you hear about the acting. Acting in the classical Indian theater is
incredibly specific and highly stylized. The way a performer stands and blinks and
crooks a finger and flares her nostrils—all of that is conveying vital information about
her character and the circumstances of the play. The Natyasastra lists six ways you can move
your nose, nine ways you can move your neck. There are seven ways you can move your eyebrows,
each with its own distinct meaning – from lowering “in envy, disgust and smelling”
to contracted in “manifestation of affection”. And don’t even get Bharata Muni started
on the eyes. Or the fingers. Or the feet. That said, it’s communicating through emotion
that matters most. Rhythm and music, costume and make-up, are
also crucially important. Props, too. But not scenery. Sanskrit drama doesn’t do scenery. To get a feel of how these plays…uh, played
out, let’s take a look at one of the most beloved Sankrit dramas, Kalidasa’s “The
Recognition of Sakuntala.” No solid date for this one, but best guess:
early in the common era. Thoughtbubble, You Better Recognize:
The play begins with a prayer to Shiva, the destroyer. But in a pretty meta gesture a director stops
the hymn so that he can rehearse with one of his actresses. She sings a song, and the play begins. In the first act, King Dushyanta is out hunting
deer near a bunch of hermitages when he decides to hide behind a tree, perving on some beautiful
hermit maidens—especially Sakuntala. The king falls in love, but ooohhh dip, she’s
in the wrong caste! The king mopes because he’s soooooo in love
with the hermit girl and is trying to find an excuse to see her. But then! Two youths come and ask him to protect the
hermitage. Score! Before long, the king and Sakuntala confess
their love. By the next act, their wedding has taken place
and also presumably sex. Then the king has to leave to do king stuff. Daydreaming, Sakuntala accidentally offends
the touchy poet Durvasa. So he curses her, telling her that King Dushyanta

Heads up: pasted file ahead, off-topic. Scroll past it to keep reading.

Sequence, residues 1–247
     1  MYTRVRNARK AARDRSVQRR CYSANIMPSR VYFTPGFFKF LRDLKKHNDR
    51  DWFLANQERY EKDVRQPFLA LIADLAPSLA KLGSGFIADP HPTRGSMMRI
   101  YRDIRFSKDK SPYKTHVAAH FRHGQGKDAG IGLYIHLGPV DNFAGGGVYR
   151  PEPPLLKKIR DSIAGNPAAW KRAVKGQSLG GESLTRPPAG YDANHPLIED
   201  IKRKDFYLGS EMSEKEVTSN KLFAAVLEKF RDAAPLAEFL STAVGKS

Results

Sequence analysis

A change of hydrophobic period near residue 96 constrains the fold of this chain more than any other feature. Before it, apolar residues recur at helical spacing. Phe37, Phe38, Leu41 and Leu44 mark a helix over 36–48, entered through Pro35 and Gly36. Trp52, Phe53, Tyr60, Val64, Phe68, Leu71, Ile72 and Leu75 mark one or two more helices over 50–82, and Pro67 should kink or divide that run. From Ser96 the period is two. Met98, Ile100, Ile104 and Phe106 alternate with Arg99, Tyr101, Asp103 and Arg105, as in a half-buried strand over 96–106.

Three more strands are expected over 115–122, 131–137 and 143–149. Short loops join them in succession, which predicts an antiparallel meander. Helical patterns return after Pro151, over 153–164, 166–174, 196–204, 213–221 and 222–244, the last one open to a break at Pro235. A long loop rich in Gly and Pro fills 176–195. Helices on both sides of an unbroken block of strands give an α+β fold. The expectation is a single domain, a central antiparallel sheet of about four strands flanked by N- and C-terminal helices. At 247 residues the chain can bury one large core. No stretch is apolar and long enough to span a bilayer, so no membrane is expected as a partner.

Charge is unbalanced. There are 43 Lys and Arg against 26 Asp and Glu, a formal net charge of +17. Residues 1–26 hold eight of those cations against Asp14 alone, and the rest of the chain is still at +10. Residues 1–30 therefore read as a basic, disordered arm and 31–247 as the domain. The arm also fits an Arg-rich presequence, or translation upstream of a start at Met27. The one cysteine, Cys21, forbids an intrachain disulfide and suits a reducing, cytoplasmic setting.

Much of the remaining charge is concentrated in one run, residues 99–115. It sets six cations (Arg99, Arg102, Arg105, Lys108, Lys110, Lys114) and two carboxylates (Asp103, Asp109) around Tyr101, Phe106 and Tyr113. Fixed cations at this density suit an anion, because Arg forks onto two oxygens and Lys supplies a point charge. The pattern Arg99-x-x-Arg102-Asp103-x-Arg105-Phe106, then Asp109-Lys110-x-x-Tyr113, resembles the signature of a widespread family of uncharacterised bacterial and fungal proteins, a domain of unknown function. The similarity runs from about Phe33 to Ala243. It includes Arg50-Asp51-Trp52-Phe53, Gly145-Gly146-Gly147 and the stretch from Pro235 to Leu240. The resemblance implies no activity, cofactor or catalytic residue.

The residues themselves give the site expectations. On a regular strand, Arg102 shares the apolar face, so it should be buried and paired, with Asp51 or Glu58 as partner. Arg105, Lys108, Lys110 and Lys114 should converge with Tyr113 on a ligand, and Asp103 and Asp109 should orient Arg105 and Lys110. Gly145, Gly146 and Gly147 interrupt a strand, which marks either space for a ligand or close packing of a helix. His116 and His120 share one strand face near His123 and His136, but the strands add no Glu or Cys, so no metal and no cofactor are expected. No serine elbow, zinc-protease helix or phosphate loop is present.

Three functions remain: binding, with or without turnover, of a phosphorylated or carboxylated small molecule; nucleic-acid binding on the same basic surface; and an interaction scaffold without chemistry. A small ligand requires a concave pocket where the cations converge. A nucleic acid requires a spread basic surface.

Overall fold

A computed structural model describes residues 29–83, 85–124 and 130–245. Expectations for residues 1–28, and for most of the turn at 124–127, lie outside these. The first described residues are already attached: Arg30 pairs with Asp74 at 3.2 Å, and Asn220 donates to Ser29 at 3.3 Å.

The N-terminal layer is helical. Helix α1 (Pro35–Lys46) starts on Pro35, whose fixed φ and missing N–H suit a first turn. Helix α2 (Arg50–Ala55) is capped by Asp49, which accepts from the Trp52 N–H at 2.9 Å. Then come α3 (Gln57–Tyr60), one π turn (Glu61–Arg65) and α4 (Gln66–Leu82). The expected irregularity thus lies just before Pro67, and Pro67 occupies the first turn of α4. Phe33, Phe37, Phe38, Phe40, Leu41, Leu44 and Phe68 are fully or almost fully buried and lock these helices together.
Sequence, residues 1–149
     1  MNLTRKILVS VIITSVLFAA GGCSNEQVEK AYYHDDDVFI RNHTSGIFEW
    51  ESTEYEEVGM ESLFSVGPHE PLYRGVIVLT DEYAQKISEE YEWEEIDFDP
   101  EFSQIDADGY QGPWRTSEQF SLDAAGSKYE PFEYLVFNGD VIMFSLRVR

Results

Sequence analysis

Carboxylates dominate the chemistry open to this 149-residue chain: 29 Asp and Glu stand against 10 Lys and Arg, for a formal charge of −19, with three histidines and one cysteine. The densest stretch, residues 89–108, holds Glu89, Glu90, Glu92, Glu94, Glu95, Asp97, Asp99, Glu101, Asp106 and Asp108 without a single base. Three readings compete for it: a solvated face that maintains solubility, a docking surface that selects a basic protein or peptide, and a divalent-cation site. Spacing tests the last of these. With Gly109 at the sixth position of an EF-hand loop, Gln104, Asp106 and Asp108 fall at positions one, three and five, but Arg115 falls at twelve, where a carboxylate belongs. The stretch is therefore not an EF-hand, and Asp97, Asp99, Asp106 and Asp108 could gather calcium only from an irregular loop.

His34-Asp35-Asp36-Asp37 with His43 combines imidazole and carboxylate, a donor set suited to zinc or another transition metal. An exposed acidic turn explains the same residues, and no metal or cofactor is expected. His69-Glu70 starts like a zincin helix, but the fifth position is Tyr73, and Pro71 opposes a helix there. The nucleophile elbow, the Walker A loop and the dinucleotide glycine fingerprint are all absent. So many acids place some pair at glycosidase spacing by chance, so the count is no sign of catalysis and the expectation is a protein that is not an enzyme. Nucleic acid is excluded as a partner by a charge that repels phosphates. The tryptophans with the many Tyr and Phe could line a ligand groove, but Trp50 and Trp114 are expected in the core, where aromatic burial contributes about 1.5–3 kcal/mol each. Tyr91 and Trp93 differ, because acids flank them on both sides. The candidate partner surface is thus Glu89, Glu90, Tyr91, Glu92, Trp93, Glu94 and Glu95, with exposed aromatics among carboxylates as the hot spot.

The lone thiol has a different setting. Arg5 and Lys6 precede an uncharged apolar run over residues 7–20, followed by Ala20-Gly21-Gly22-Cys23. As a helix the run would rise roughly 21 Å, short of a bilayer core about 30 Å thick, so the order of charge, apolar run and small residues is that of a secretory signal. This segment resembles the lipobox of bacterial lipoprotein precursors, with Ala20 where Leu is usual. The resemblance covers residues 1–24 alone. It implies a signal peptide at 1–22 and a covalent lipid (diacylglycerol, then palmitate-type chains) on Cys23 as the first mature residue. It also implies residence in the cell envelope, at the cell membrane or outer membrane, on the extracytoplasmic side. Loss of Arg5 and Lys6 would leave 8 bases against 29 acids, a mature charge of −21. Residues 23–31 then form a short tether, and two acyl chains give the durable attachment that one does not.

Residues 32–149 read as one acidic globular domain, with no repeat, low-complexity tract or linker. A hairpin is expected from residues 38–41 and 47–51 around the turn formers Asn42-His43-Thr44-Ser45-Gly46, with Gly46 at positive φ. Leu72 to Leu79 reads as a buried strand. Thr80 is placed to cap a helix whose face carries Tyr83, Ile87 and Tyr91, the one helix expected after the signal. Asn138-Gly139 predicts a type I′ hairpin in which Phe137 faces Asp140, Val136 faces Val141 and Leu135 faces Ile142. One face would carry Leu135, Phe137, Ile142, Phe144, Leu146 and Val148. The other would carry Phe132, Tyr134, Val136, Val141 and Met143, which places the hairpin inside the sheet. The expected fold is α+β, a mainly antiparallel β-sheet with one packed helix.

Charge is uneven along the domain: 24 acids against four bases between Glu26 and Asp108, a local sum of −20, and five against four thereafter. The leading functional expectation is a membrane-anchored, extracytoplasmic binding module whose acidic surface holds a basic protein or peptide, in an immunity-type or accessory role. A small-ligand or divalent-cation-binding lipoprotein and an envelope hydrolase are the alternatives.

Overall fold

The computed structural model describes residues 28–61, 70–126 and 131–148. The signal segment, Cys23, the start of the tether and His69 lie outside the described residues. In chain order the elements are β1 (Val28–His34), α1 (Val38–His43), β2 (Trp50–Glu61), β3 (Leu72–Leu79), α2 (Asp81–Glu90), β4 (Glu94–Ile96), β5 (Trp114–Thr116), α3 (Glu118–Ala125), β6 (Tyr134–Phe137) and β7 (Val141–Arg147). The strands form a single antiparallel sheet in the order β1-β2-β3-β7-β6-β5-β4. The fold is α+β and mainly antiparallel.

will forget all about her until she presents him with a token, like the ring he conveniently
left. Sakuntala, who is pregnant, brings the king
his kingly ring, to bring to mind their forbidden fling. But alas! The king fails to recognize her. And she’s like, “But wait, I have this
ring.” which … fell into the Ganges. Oops! Sakuntala leaves the palace dejected, and
after a long while a fisherman finds what is clearly a KINGLY RING in the belly of a
fish! When the king sees it, he remembers Sakuntala,
but is busy fighting demons. After the king defeats them, Indra rewards
him with a ride through the heavens. In the final act of the play, Act VII, the
chariot lets the king off at a hermitage. And even after years, he recognizes Sakuntala
… and his son! Thanks Thoughtbubble. Reunited and it feels so good! Yay! A happy ending! Harmony with the universe achieved! As you can see, a nataka is very different
from its Greco-Roman counterparts. Seven acts, a lots of events, a multiyear
span, a ton of locations, and a distinct mix of tragedy and comedy and prayer and sex and
hermits. Sorta has it all. And then some! There was even a rampaging elephant. Somehow it all comes together to help the
audience achieve that harmony with the universe. Nice work, Kalidasa. Sanskrit drama thrived for hundreds of years. But in the next episode we’re going to go
back to Rome to talk about the decline of drama. There’s gonna be a whole mess of trouble
from the Goths and the Visigoths, and then– for a bunch of centuries – no Western theater
at all. Unless you count mimes. Turns out the Dark Ages means dark nights
for theater, too! Get it, Yorick? Because a dark night is a night when there
isn’t a performance and a theater and it’s closed… oof, tough customer,
this guy… Okay! Until next time… curtain!